It’s important that the CIO and IT understand not only where you’re going, but also the value and effectiveness of what’s in place today. By understanding their strategy, and them understanding yours, it can potentially result in better solutions than you originally had in mind, and we’ve seen that. Sometimes it’s a matter of excellent timing that allows you to accelerate what you were hoping to deliver, and sometimes to allows IT additional cost savings that can cover some, if not all, of your initiative.

Some CIOs and IT leaders may not have a clear understanding of what’s happening with the wealth of tools and channels that they think are at Internal Comms’ disposal. Experience has taught the IT side that all because some area of the business wants something new, doesn’t mean it will solve the problems of old. Therefore, it’s critical to help them understand what channels are being used, how effective and efficient those channels and the tools are, and where the gaps are that you’re addressing with the new strategy.

You know that using one channel to communicate does not work for your entire audience, or that the channels in play may be missing a key type of person at the organization. Maybe it’s the factory floor worker or the salesperson on the go, that’s being left out. Perhaps there’s a group with high attrition whose consistent complaint is ‘I don’t feel connected to the organization.’ Perhaps that is costing the organization in recruiting and lost productivity. Having numbers available to you to support your arguments is very useful because it helps make the argument for you.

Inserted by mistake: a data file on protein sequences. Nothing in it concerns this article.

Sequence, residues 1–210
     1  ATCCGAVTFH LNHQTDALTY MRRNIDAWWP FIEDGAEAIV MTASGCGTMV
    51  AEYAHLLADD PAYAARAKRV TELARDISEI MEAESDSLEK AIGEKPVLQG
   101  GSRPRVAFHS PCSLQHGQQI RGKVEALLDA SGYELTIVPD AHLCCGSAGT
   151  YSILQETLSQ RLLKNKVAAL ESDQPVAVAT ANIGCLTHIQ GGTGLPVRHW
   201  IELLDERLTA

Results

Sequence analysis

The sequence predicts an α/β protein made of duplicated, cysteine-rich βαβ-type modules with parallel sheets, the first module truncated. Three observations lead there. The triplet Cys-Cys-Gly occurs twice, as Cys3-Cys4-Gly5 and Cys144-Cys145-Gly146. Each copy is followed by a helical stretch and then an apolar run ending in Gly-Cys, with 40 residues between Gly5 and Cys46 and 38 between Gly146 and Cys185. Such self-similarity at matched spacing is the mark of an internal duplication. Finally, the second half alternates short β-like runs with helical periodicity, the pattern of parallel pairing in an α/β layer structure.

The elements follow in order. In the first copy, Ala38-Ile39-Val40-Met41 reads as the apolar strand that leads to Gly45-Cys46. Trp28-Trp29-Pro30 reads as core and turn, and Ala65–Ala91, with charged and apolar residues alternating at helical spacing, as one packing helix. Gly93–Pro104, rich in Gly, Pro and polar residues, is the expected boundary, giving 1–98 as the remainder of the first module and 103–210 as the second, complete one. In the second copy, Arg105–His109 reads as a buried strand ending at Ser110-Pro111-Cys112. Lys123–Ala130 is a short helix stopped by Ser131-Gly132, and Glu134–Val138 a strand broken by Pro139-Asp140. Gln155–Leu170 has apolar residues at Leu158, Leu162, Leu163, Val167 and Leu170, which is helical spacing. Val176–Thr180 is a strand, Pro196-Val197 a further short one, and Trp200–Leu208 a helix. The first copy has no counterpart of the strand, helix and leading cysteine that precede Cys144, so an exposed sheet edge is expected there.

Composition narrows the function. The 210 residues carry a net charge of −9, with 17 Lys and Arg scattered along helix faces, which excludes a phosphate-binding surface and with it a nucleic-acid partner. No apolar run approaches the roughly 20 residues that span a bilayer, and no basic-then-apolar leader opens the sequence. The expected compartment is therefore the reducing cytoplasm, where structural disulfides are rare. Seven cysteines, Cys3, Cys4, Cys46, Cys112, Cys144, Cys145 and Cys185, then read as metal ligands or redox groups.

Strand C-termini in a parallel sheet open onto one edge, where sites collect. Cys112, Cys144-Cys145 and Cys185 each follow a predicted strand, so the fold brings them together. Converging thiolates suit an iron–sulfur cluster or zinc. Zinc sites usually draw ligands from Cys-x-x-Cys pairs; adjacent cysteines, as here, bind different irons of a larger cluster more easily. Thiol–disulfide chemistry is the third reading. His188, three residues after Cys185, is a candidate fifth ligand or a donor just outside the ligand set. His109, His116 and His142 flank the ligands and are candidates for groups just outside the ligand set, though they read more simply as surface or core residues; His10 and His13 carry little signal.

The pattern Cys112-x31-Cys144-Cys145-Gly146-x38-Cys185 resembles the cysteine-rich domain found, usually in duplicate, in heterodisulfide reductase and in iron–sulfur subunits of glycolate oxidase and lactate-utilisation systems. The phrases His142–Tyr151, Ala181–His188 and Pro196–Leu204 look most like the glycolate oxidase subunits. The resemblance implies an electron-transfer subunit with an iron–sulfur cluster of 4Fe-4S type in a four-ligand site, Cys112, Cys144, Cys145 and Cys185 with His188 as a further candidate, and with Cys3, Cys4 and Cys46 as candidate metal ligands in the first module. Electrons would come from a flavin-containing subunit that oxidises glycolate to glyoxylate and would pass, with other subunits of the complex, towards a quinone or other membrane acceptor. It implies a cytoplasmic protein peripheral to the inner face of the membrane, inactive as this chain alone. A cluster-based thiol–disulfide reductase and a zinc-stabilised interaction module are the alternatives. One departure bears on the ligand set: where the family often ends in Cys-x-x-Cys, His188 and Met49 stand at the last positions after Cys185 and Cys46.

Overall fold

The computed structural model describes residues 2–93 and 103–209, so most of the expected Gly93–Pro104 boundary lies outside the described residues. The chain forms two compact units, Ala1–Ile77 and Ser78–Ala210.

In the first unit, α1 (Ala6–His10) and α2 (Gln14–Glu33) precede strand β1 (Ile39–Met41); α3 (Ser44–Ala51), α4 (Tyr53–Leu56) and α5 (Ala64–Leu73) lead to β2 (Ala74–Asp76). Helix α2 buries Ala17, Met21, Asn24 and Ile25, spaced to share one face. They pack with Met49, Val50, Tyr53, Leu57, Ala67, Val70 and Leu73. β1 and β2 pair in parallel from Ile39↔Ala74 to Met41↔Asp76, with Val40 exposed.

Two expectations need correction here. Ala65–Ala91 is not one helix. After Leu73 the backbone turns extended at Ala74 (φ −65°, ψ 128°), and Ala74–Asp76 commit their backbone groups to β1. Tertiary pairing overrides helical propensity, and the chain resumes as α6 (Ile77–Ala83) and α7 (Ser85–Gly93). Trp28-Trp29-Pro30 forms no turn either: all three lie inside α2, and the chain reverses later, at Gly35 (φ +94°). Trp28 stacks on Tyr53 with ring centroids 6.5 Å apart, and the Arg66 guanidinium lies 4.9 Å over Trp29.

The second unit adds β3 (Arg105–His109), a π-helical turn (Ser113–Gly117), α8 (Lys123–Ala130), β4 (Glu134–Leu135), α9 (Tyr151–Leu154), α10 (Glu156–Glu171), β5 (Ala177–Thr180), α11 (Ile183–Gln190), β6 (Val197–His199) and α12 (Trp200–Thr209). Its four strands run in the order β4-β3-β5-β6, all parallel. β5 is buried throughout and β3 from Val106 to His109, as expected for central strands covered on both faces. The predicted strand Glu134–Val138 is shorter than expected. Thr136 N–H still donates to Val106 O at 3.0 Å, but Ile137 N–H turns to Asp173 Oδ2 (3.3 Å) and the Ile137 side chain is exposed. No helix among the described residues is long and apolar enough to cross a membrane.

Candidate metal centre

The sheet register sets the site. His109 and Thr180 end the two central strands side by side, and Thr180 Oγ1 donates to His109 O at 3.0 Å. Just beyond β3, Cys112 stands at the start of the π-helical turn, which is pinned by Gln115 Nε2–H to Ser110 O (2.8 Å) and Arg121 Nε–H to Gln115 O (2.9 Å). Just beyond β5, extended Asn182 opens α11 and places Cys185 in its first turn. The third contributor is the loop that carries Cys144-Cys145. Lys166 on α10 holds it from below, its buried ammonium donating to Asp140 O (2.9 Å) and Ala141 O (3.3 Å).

The importance of making sure you have proper coverage between channels and your people is key, especially for companies with a multi-generational workforce. Some employees prefer email, others mobile apps, the Intranet or chat-based collaboration tools such as Microsoft Teams or Slack. IT may not fully understand who is left out, or what isn’t effective and why. You need to paint the big picture.

In communicating all of this, the CIO may see opportunities to retire existing, potentially costly, systems that they thought were helping and thereby have the funds to support accelerating your plans.

3. Establish Ownership and Support

This is a very important area to discuss upfront. IT is responsible for application support and your CIO will be rightfully concerned about how to handle new communication platforms and products. Even if the new tooling you want is an online service and therefore seem to be “of no concern to IT”, it is. Corporate usage and corporate data, understanding what needs are being met with what, are key areas of the CIO’s responsibility. 

Discuss with your CIO the technology stack (all Microsoft? all Google? Is there SalesForce?) that your organization has endorsed and the capability/capacity to support new communication products in that stack. It can be unnecessarily challenging to have picked a tool that would require a whole new skillset for IT in order to support. Understanding the tech stack will narrow down your choices, but it will bring IT to the table as a partner and with IT there, you may find that they are willing to make an exception because it is the right call.

Lastly, it’s important to communicate what your expectations of IT will be regarding anything new that’s being proposed as well as what their expectations are – from level of support, handling upgrades, dealing with user login issues, and the like.

Is this worth it?

Yes. Years ago, IT was fighting for the business as a whole to listen to them. It wasn’t uncommon for different business units or divisions to have completely different systems, sometimes having their own vendors of preference. The amount of inefficiency and overlap was painful, but nothing was more painful than IT then being told they had to support something they had no say in getting.

The CIO and IT understand that technology isn’t in place for technology’s sake, it’s in place to serve the good of the business, and that includes internal communication. Telling IT what you’re thinking and planning could give more weight to their plans, or support them switching up their priorities. Aligning upfront and discussing communication in a way your CIO understands will save you time, money, and headaches. Good luck!